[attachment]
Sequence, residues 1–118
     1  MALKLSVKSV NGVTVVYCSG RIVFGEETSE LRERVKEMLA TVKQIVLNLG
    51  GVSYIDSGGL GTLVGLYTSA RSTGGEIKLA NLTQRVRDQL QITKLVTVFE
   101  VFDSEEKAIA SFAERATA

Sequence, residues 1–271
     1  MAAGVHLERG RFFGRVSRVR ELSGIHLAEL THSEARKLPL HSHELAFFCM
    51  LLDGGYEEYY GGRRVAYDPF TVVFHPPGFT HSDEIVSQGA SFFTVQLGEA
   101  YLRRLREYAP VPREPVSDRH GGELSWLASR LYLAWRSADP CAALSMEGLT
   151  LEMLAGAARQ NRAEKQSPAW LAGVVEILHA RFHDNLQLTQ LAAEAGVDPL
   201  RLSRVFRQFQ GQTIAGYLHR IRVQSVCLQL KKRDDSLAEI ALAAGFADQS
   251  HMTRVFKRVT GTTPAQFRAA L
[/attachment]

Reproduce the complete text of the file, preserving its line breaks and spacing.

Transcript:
Sequence, residues 1–118
     1  MALKLSVKSV NGVTVVYCSG RIVFGEETSE LRERVKEMLA TVKQIVLNLG
    51  GVSYIDSGGL GTLVGLYTSA RSTGGEIKLA NLTQRVRDQL QITKLVTVFE
   101  VFDSEEKAIA SFAERATA

Sequence, residues 1–271
     1  MAAGVHLERG RFFGRVSRVR ELSGIHLAEL THSEARKLPL HSHELAFFCM
    51  LLDGGYEEYY GGRRVAYDPF TVVFHPPGFT HSDEIVSQGA SFFTVQLGEA
   101  YLRRLREYAP VPREPVSDRH GGELSWLASR LYLAWRSADP CAALSMEGLT
   151  LEMLAGAARQ NRAEKQSPAW LAGVVEILHA RFHDNLQLTQ LAAEAGVDPL
   201  RLSRVFRQFQ GQTIAGYLHR IRVQSVCLQL KKRDDSLAEI ALAAGFADQS
   251  HMTRVFKRVT GTTPAQFRAA L